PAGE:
Secondly, one cookset is not useful for all conditions. What you would use for a weekend or overnight hike will have different requirements than one you might use for a 5 day long distance hike. Having a set or sets that are adaptable through mixing, matching, deleting or adding components depending on camping circumstances should be the goal.
Its also no secret among those with whom I camp and hike that I prefer canister stoves for a variety of reasons. While most of the rest of hiking world is out chasing alcohol stoves in the name of being Ultra Light, I like other methods for reliability or speed of boiling, and I think that there are lighter alternatives to alcohol when weight is of prime consideration, mostly because of the weight of the fuel. That means my choices of components is going to reflect that bias.
A Bit of History
Yes, there will be little to no Math, but there will be some History. I put together a cookset after the Cheapo Chinese Pocket Rocket stove beat the JetBoil stove hands down in a head to head race. The principal advantage the JetBoil had over the Cheapo was that it was a self contained system (and I love systems). I wanted a lower cost, lower weight cooking system that could carry the stove and all other implements need to make a boil in bag meal. Traditional methods were attempted at first:
The Country Time Lemonade bottle just wasn't going to work. I stumbled across a 10 oz. coffee can and the diameter was large enough that the small size fuel canister fit well, and there was plenty of room for other utensils.
The coffee can and the pots that I've used with it were covered in reflectix to keep dehydrated food hot while rehydrating with boiling water.
The cookset has gone through several iterations, with two basic variations:
10 cm IMUSA cup on top. Inside the 10 cm cup is a Country Time lemonade bottle cover to use as a bowl or coffee cup:
But I later settled on a 12 cm IMUSA cup with the reflectix wrapped coffee can inside as it took up less room in the pack:
The contents have also varied, sometimes depending on the camping situation, but generally have always included the stove, canister, and canister stand already shown along with a piece of ladies ankle length hose to make coffee in:
Just pour ground coffee in, then a couple cups of water and let it sit for a while. Works like a champ and weighs nothing at all.
Since I'd taken the handle off the cup to make the cookset pack better, I had a pot grabber:
And at Christmas time it was found that the lid from some promotional cookies sold at Lowes fit the 12 cm IMUSA pot perfectly, I added it and a magnetic cabinet catch to use as a lid lifter
I also ditched the orange plastic box provided with the Cheapo in the name of weight savings, and decided to use sporks I was picking up at Long John Silvers for free and started using a collapsible cup I found at Wally World as a coffee cup/bowl, and a small sponge and travel sized bottle of Hand Sanitizer for clean up.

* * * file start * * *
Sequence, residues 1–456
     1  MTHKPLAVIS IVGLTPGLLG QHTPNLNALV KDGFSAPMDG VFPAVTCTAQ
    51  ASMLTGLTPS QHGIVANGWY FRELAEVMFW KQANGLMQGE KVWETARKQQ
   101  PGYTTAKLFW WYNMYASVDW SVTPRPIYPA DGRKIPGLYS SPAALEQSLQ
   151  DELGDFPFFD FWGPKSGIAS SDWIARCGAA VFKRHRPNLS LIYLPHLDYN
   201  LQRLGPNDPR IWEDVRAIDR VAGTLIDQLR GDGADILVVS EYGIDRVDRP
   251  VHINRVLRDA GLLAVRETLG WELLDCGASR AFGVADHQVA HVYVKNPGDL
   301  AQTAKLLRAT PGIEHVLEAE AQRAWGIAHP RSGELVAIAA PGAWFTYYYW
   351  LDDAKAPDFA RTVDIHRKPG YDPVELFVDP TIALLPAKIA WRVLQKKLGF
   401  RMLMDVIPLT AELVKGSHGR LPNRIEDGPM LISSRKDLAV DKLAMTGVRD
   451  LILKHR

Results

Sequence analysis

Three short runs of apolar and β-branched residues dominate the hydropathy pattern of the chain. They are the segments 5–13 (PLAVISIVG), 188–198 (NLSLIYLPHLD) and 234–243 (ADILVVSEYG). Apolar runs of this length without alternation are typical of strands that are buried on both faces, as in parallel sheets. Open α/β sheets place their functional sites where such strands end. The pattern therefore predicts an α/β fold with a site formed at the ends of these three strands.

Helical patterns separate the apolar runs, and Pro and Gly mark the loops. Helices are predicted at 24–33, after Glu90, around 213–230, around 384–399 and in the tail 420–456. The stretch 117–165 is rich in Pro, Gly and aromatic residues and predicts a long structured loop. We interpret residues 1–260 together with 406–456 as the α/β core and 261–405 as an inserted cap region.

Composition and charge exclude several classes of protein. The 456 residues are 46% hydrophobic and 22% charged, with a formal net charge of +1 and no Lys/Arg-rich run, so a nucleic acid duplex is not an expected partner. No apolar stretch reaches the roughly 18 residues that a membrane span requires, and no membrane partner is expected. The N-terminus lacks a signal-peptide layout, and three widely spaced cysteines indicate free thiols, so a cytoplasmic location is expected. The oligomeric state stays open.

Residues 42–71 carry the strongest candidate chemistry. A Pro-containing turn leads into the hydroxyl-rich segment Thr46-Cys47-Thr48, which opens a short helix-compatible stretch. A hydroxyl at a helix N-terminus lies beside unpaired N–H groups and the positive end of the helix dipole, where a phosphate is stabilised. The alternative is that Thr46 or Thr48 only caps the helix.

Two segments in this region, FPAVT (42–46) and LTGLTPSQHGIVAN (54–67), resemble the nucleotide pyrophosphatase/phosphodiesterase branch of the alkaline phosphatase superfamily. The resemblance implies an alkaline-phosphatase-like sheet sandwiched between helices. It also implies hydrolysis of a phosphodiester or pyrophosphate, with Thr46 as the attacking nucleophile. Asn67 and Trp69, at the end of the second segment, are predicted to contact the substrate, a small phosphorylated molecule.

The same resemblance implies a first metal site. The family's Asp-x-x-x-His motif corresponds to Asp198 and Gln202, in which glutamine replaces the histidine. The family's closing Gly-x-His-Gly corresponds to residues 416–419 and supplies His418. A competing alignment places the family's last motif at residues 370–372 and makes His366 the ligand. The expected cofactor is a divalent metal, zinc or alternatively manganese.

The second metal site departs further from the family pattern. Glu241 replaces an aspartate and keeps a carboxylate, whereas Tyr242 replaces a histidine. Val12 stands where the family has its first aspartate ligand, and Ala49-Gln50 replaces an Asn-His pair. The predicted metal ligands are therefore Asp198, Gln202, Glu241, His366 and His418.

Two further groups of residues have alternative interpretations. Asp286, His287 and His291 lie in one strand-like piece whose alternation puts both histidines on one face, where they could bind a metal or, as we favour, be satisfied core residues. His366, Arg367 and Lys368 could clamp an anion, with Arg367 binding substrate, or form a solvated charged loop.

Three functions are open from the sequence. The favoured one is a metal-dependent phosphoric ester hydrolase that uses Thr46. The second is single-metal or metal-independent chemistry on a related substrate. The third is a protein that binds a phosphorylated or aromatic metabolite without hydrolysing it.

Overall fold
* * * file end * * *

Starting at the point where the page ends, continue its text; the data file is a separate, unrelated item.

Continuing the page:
So, Here It Is
The Olicamp is heavier than the IMUSA cup, but it does allows for some small weight savings to partially make up for that. Since it has a handle, I ditched the pot grabber and since it has a lid, I no longer need the cookie can lid and the magnetic catch either. So here's the contents, minus the ladies hose, just cuz I fergot:
The collapsible cup fits at the bottom of the cozy that I used on the outside of the coffee can
As well as the canister and stand
and that cozy fits inside the Olicamp
Then the stove and hand sanitizer
Then the sponge, and the hosiery coffee maker get crammed into the crevices
The lid gets slapped on, and the whole thing fits inside the cozy I made for the 12 cm IMUSA cup. Weight is just over 1 pound 5 ounces. Heavy for the gram weenies, but just right for an overnight and actually ends up weighing less than an alcohol stove set up if you're carrying alcohol for a week:
In a couple of weeks, I'm going to be doing some testing using the Olicamp vs a Stoic Titanium pot with an alky stove and over wood using an Evernew DX stand. There's been some concern mentioned about the lid on the Olicamp melting if flames rise, so I checked to see if the cookie can lid fit the Olicamp and it does. The weight difference between the two is negligible:
Especially once one considers that I'll have to carry the magnetic cabinet catch to pluck it off the pot.
If you're one of the guys who put together a cookset like mine, or who I have given one to in the past, most of the components in that set will work with an Olicamp, and that's a good thing. I think that it adds a significant degree of adaptability.
Keep in mind, this is what works for me. I'm no Andrew Skura, I'm an old man who's been out in the woods a few times is all. This cookset is heavy by most standards, but I consider it medium to light weight (but not ultra light) depending on the camping circumstances.
Hope this helps and gives you some ideas.